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The Babaco, also called mountain papaya and chamburo, is native to Ecuador and is believed to be a natural hybrid of the papaya or perhaps the mountain pawpaw. The plant is not found in the wild. Babaco is unique because it is distinctly 5 sided - when sliced crosswise the slices form a star shape with rounded points (similar to a star fruit).
Babaco grow to about 8 - 12 inches long and 4 inches in diameter, with a seedless, soft and juicy apricot-colored flesh and a flavor described as a cross between pineapple, papaya and strawberry. It is frequently called the ‘champagne fruit.’ The skin is edible and turns from green to golden yellow when ripe. Babaco contains the enzyme papain in several times the amount as papaya.
Today Babaco is cultivated throughout South America. It is the most cold tolerant plant of its type and is also being cultivated in New Zealand, and as far north as the Channel Islands off the Coast of Normandy. They are also being grown commercially in California.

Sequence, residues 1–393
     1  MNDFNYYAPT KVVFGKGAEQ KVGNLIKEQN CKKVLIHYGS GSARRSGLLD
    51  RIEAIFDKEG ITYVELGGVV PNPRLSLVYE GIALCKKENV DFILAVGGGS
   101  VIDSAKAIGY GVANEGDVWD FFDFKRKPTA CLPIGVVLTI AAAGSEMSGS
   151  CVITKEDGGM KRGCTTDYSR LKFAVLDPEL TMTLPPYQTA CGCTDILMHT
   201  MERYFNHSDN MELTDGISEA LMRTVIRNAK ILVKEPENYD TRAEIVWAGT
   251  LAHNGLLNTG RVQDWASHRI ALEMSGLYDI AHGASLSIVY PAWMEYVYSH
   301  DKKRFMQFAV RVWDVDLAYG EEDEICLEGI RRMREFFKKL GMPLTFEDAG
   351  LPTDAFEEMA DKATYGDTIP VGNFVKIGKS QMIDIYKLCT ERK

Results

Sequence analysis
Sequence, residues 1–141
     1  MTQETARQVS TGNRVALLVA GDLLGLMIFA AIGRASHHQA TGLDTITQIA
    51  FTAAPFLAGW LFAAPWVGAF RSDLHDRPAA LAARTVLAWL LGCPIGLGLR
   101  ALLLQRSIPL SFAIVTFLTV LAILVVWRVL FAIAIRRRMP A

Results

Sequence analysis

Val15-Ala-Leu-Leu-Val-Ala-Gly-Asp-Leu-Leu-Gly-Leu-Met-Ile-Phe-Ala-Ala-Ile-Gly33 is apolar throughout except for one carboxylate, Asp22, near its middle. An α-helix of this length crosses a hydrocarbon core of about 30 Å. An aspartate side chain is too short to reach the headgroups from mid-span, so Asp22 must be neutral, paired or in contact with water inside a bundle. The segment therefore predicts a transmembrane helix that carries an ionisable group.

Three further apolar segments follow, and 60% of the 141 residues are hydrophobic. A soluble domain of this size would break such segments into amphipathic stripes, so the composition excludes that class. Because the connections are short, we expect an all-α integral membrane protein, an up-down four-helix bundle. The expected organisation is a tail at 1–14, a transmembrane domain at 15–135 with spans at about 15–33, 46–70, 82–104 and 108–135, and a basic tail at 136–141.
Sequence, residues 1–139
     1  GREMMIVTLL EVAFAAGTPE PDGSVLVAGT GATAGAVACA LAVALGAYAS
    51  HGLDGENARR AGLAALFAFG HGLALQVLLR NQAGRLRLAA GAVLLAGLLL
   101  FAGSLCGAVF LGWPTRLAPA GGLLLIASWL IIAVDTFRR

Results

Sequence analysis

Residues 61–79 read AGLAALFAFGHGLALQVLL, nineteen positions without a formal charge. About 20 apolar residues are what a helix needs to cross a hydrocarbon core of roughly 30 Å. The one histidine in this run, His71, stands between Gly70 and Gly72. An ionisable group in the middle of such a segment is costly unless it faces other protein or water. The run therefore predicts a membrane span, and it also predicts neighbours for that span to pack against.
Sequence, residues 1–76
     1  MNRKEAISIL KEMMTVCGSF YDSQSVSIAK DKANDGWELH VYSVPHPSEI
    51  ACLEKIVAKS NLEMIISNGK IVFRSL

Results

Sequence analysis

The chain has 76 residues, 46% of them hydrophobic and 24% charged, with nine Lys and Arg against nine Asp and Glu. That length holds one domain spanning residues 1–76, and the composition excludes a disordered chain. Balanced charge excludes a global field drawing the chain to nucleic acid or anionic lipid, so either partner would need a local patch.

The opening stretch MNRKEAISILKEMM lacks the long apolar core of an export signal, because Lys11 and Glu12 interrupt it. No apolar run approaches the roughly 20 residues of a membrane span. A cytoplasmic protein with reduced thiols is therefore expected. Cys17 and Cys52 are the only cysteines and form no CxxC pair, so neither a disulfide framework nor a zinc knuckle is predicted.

The fruit is best when eaten fully ripe skin and all. It can also be sliced and added to fruit salads, pureed with a little sugar as a drink, used in relishes, chutneys and curries, or mixed with other fruit for pies. Babaco has excellent keeping quality, with room temperature storage of several weeks (optimal storage temperature is 40 degrees F). Another good feature is that damaged or bruised fruit can also be kept for a long time, as the damaged tissue will not spread to the rest of the fruit.
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